Although easy to view from Earth, Jupiter remains one of the solar system’s biggest mysteries. But today we're only five years away from a much deeper understanding of the massive planet.
This afternoon, NASA’s solar-powered envoy Juno successfully lifted off Cape Canaveral at 12:55 p.m. EDT. The craft will cover approximately 1.9 billion miles before it enters an elliptical, polar orbit around Jupiter in 2016. If all goes well, Juno will endure the gas giant’s radiation-rich environment for a year, and study its origins and evolution using nine science instruments.
“Jupiter is the Rosetta Stone of our solar system,” said Juno’s principal investigator, Scott Bolton (Southwest Research Institute, San Antonio). “Juno is going there, as our emissary — to interpret what Jupiter has to say.”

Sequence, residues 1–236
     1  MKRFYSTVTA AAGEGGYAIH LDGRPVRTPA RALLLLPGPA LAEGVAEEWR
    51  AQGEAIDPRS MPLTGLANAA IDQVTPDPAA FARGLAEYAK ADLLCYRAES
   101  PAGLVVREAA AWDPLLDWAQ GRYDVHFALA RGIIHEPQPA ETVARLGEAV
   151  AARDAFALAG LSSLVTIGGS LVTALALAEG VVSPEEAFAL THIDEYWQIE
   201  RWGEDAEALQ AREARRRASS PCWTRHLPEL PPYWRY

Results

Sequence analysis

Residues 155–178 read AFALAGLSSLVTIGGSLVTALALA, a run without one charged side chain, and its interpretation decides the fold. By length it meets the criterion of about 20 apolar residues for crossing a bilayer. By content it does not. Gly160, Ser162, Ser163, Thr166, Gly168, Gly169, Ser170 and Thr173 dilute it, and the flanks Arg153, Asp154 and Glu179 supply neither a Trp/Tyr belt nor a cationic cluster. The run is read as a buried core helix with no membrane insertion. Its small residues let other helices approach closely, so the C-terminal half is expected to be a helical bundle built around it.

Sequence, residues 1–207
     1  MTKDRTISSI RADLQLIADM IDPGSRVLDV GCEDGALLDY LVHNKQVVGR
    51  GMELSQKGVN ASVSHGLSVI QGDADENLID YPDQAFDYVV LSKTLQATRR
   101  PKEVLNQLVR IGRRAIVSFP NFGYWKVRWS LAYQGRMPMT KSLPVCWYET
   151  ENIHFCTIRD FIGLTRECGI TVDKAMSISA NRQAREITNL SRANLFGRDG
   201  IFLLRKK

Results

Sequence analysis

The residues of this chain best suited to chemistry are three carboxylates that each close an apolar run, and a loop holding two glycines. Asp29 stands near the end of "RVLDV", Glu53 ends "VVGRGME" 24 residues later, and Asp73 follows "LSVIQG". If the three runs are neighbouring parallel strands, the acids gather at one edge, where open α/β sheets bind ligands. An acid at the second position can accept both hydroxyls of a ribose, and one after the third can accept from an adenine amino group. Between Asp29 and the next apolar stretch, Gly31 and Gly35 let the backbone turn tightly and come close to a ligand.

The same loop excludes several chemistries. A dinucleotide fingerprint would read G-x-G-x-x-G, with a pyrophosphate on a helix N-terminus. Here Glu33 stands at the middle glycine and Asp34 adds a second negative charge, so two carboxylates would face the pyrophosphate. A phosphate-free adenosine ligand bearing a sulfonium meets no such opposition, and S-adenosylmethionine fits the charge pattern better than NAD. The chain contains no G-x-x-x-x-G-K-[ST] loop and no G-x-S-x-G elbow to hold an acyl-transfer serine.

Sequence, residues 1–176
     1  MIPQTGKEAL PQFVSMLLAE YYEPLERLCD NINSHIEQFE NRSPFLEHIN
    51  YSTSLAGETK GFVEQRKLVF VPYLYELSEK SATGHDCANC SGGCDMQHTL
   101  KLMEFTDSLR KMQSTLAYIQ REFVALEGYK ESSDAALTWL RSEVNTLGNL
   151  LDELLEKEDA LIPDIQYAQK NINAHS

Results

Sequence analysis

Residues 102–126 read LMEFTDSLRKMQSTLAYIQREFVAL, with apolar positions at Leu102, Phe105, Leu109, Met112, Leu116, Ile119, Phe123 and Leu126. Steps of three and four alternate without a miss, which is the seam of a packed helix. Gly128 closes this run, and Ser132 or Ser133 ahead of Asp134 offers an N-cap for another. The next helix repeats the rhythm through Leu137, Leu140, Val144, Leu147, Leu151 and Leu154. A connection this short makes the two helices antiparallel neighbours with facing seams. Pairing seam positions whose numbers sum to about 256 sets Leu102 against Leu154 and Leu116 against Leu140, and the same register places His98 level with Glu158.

The mission is appropriately named after Juno, the sister and wife of the Roman god, Jupiter, who peered beneath clouds to expose his secret affair with the priestess Io. The craft carries figurines of Jupiter and Juno as a tribute. In addition, Juno also carries a plaque and a figurine in honor of the Italian astronomer Galileo Galilee, who discovered four of Jupiter’s moons in 1610.
Listen to an audio interview with Scott Bolton, the principal investigator of the mission.
Read more about the Juno Mission in Sky & Telescope’s September 2011 issue.